When parties are in conflict they are always in some sort of relationship. Conflict involves parties in relationship of some sort and relationships are something that are very important to all of us as human beings. I'm Marlene and in this tutorial I'd like to take up the subject of relationships.
Now we are all social beings and we have an inborn need to relate, it's in our very genetic code because we need to live in groups in order to survive in nature, family groups, tribal groups, community groups. So a relationship really is a group of two or more that share a sense of interdependence formed around common goals, values, and shared experiences. So our shared experiences and our goals and our values are what bind us together. Now, this could be on a level as a country. We all Americans, we feel that we have a relationship with our fellow citizens and it could be within our communities, with our friends, and of course with our family.
So we have different kinds of relationships, but relationships all develop basically from ongoing shared experiences. So when we're younger and we're in school we may have our friends that we are in school, then we form relationships with them. We form relationships with families perhaps who have children if we're raising children. We have relationships at work, people that we're working on projects with and those relationships become important to us. Relationships at places of worship, clubs we belong to, so all of these different places in our life brings them to contact the people we form relationships.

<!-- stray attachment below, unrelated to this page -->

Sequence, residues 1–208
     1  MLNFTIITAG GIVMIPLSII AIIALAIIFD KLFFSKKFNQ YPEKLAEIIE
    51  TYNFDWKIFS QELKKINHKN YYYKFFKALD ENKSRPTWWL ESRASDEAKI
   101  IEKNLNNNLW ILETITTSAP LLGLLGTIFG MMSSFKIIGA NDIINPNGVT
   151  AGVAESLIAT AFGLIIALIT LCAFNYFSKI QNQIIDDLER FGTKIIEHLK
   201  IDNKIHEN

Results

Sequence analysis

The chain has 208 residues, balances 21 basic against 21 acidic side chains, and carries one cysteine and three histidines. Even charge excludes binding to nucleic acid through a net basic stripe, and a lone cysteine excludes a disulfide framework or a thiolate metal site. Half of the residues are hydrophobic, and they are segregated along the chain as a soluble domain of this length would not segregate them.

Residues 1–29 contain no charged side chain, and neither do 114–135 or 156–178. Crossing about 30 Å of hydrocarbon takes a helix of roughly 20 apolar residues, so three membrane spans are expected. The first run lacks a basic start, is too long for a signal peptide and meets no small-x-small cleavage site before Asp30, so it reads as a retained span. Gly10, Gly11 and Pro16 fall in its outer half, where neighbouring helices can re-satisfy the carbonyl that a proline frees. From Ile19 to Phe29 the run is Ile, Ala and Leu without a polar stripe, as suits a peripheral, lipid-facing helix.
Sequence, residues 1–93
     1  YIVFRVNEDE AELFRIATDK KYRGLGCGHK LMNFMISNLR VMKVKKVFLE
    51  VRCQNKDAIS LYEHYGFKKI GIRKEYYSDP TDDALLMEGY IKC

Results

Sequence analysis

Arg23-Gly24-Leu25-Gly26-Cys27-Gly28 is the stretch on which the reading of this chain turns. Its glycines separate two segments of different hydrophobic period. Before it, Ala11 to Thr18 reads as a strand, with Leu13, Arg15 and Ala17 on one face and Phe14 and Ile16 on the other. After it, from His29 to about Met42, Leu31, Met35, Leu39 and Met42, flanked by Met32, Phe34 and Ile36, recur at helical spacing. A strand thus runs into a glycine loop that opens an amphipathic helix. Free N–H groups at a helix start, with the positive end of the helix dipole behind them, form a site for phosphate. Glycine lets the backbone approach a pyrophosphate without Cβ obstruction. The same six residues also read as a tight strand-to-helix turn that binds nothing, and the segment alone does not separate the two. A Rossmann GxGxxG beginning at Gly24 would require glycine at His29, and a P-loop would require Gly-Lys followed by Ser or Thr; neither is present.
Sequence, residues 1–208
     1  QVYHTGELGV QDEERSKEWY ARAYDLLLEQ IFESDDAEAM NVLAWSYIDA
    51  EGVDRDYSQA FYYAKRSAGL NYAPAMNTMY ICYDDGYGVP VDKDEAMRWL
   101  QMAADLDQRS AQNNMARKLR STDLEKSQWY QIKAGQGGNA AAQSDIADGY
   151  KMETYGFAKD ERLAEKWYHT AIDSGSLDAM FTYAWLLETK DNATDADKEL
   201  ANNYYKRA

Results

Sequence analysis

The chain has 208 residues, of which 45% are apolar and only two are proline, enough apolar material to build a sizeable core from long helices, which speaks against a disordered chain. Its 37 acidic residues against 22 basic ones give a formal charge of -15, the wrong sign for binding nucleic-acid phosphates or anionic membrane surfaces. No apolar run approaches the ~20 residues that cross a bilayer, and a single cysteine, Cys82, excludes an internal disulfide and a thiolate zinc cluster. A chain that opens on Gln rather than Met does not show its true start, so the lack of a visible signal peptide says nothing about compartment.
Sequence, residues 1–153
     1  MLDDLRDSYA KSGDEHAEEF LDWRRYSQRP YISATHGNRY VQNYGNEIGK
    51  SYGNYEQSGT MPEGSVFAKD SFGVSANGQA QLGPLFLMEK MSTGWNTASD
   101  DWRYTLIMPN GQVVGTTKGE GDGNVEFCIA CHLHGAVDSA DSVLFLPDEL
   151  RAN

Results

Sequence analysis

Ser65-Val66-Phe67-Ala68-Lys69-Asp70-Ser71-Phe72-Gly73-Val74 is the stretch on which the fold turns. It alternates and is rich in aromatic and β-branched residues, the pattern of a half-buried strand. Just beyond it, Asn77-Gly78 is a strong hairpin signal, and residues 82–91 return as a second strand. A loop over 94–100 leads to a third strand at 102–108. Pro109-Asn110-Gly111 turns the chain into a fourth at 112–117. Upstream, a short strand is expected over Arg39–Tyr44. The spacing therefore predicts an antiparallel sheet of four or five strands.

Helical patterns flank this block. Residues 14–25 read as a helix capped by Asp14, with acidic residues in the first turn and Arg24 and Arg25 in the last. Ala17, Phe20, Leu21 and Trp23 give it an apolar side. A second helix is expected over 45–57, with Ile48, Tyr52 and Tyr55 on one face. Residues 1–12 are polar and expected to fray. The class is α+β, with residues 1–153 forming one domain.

And out of these relationships there becomes an interdependence and an interdependence is a state in which each member of a relationship is mutually dependent on the others. Now it could be emotional, economical, ecologically, or morally reliant on one another and responsible to each other. So we come to feel a sense of mutual responsibility for one another and this inner sense of interdependence is really based on the positive relationships we have with one another, the more experiences we share together, perhaps how long-term the relationship is, there's a sense of belonging together and a sense that we have to care for one another mutual interests are in each other's welfare and needs.
We can see this coming on a larger level a society level when there's been a disaster and we all bind together as citizens, as countrymen to come to help one another when there's been some sort of natural disaster or tragedy in a community there's that interdependence. Of course, we see it very close to home in our own families. We say we'd do anything to protect our families and we come dependent of course on our communities to help protect us the police department, the fire department. We're dependent on people to bring us our food. So these energy dependences form within our communities, within our families, within the larger society as a whole.
Now the more we have a shared experience the more we're willing to really go to bat for one another, to really seek to help someone meet their welfare and their needs. Some cases this may mean we'll go to war to protect our country, because there's a strong sense of being an American and defending the relationship we have with our fellow citizens and the right to live in this country, so on that level we feel interdependence and a need to protect our mutual interests. And we certainly feel it of course on a very personal level within our families.
So relationships are key to who we are in Maslow's hierarchy of needs. They fit right into under love and belonging, we all have a very strong need to feel connected to one another and these connections of course are based on the interdependence we feel with one another, whether it be on a very close level which is familial, or it be on a larger scale, which is societal.
So I've enjoyed being part of this tutorial and I look forward to next time.
Groups of two or more that share a sense of interdependence formed around common goals, values, and shared experiences.
A state in which each member of a relationship is mutually dependent on the others (e.g. emotionally, economically, ecologically and/or morally reliant on and responsible to each other).